Saturday, November 29, 2014

Colorado Students Refuse State Standardized Tests

The school reform movement ran into a bit of a snag earlier this month in Colorado, at least in terms of its standardized-test emphasis and test-based accountability for schools. As one of the states that adopted Common Core State Standards and aligned with the PARCC testing consortium to assess "readiness" in the areas of math and language arts, Colorado is also in the process of implementing state standardized assessments in science and social studies at the elementary, middle, and high school levels. These assessments are not related to Common Core or PARCC, but are related to Colorado Academic Standards, which cover eleven content areas. These tests, which are being called CMAS - Colorado Measures of Academic Success, gained news earlier in the year when "students performed poorly" on the new assessments. Some argued the low scores were evidence of a need for the "more rigorous" standards, while others argued against the authenticity of the scores for a variety of reasons including decreased prep time and the new style of computerized assessment from Pearson. Thus, the battle over standardized assessments for rating schools, teachers, and students has taken center stage in the Rocky Mountain state.

And, now some parents and students are pushing back.

Thousands of high school seniors refused to participate in the high school version of CMAS, which was scheduled for the fall of senior year and required two days of testing. The movement seems to have snowballed around the state, as word spread about the idea of "opting out." Several education advocacy groups have promoted the idea of parent refusal, arguing that students are "more than a test score" and that they should "choose to refuse." In the progressive town of Boulder, students not only refused to participate, but also staged a protest on one of the coldest days of the year, explaining their reasons for "opting out":

Across the state, the number of parent refusals was highly noticeable. In two of the highest performing schools in the state (and, in fact, in the nation), Fairview High School and Cherry Creek High School, hardly any students took the test, as participation was well below five percent. These numbers weren't matched at most schools, but numerous school districts saw surprisingly low compliance with the state mandated tests. The reality is that parents don't have a legal right to "opt out" of tests, but any parent has a legal right to "refuse participation" for any aspect of their children's education. Thus, parents can refuse to allow their child to read a specific book or attend a required assembly or even to be immunized. And, many students who feel like they have been over-tested for their entire school career are beginning to ask if "standardized tests should still be standard."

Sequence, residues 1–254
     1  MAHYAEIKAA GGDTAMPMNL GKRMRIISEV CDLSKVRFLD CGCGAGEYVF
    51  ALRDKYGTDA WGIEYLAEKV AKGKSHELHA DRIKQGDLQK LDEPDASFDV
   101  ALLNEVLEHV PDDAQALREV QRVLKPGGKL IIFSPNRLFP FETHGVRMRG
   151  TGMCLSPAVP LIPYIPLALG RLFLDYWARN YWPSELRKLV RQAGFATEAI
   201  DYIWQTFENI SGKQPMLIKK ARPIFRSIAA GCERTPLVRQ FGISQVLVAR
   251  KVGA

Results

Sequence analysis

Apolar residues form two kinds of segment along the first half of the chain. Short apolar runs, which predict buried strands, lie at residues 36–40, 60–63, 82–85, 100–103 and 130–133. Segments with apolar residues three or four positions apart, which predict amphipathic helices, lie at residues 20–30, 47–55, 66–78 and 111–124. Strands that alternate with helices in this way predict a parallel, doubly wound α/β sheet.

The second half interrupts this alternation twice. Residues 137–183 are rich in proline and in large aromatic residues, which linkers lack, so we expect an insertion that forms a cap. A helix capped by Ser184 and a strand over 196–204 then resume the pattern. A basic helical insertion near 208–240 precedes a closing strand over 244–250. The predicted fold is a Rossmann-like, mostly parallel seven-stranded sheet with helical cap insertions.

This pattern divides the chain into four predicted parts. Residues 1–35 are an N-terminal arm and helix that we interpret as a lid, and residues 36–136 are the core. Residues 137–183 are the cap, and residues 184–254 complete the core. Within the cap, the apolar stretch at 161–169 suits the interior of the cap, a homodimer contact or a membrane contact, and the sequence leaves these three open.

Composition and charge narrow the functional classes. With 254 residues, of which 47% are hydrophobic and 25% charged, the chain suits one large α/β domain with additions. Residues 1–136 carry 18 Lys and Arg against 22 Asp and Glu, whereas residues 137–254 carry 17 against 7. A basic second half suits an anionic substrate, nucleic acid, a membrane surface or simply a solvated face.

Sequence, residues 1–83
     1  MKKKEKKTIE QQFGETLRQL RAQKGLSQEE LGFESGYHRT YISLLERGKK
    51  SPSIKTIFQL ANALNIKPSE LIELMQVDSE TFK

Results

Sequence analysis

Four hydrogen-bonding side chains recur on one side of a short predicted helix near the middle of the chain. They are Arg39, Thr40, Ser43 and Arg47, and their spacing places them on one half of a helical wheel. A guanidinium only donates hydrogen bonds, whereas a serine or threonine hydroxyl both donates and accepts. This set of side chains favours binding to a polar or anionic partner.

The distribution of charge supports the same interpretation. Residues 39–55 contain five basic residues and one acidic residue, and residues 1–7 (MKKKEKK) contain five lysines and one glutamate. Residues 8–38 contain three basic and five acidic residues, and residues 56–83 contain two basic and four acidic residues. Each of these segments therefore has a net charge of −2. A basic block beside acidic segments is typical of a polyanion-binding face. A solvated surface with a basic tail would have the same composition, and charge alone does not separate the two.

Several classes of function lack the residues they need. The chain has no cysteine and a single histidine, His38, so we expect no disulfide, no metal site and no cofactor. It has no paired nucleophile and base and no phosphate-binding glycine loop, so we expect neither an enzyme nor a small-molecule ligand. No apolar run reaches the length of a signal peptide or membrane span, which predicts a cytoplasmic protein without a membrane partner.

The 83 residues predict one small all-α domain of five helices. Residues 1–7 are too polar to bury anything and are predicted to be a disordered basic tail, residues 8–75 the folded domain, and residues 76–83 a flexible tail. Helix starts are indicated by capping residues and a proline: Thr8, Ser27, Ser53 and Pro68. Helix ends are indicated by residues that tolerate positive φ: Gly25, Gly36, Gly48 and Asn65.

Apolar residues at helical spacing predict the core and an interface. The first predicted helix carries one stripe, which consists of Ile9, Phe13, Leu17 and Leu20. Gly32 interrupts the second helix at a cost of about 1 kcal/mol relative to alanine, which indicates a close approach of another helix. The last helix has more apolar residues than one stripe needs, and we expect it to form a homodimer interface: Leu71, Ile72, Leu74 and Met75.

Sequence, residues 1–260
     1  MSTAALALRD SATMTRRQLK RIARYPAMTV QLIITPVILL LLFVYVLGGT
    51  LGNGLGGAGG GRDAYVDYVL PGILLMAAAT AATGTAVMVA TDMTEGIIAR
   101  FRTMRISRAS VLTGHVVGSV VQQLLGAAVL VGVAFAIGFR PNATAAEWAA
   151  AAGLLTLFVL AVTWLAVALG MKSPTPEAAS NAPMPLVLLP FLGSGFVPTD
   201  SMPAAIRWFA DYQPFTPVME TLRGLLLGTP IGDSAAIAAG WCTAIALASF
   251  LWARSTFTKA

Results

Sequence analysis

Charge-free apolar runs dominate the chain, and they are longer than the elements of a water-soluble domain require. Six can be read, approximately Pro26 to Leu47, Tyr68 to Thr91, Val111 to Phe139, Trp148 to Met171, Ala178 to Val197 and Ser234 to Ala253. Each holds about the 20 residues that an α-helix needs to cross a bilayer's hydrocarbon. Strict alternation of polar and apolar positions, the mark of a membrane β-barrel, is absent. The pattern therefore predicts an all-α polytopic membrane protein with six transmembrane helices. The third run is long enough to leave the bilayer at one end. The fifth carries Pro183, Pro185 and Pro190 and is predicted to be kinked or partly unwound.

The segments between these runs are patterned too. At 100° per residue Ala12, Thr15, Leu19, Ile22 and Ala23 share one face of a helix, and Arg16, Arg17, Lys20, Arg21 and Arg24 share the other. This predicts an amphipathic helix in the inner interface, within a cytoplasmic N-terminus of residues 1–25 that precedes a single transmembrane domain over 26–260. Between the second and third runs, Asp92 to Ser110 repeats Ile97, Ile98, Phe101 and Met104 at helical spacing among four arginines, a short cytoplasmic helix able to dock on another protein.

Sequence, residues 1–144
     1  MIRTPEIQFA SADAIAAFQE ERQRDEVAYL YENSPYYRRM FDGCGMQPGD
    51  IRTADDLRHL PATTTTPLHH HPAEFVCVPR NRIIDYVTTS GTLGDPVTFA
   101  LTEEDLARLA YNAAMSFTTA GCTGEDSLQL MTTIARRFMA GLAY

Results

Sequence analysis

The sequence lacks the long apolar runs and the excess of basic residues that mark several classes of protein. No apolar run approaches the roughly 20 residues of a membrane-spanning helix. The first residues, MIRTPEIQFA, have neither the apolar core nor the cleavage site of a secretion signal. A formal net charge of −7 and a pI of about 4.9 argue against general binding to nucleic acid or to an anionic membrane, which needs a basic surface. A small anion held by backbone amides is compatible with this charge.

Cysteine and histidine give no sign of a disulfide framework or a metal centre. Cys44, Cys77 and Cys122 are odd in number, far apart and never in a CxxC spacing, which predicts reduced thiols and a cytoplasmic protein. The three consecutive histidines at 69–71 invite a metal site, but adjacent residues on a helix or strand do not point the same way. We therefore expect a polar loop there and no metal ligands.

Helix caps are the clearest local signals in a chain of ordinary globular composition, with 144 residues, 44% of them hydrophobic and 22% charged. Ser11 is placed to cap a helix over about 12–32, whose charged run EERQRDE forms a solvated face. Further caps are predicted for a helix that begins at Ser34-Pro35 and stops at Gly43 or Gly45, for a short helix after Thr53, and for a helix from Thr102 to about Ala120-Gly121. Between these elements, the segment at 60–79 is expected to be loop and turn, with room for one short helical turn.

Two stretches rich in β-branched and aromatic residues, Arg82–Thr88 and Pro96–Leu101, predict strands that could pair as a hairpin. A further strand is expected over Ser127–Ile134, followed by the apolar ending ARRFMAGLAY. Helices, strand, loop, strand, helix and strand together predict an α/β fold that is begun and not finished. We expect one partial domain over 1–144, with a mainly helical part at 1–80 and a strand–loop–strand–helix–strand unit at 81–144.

With the coming PARCC assessments in the spring, the issue of challenging standardized assessments in public education will continue to generate controversy.

Sunday, November 16, 2014

What Students Need to Hear

What to do about kids who don't achieve in school?

Every school reformer has a general big idea or agenda to fix the problem of struggling schools and struggling students. Is it standards or poverty or teachers or tenure or testing or  what? Occasionally, it seems like they just need a good talking to, explaining the "truth" to them in a way that will shake them out of the slumber that leads to sub-par performance. A pep talk should do it. And, that's the essence of a video making the rounds by English teacher Chase Mielke who as some advice on "What Students Really Need to Hear."

Basically, they need to work harder.

There's been a lot of writing lately about how success for kids is really about grit and perseverence. Paul Tough wrote about it in "How Children Succeed" and Charles Duhigg did in "The Power of Habit." It's what Geoffery Canada promotes with the Harlem Children's Zone. It's really all about character education, and many reformers will argue that truly effective, or great, teachers will be able to get this message through to kids.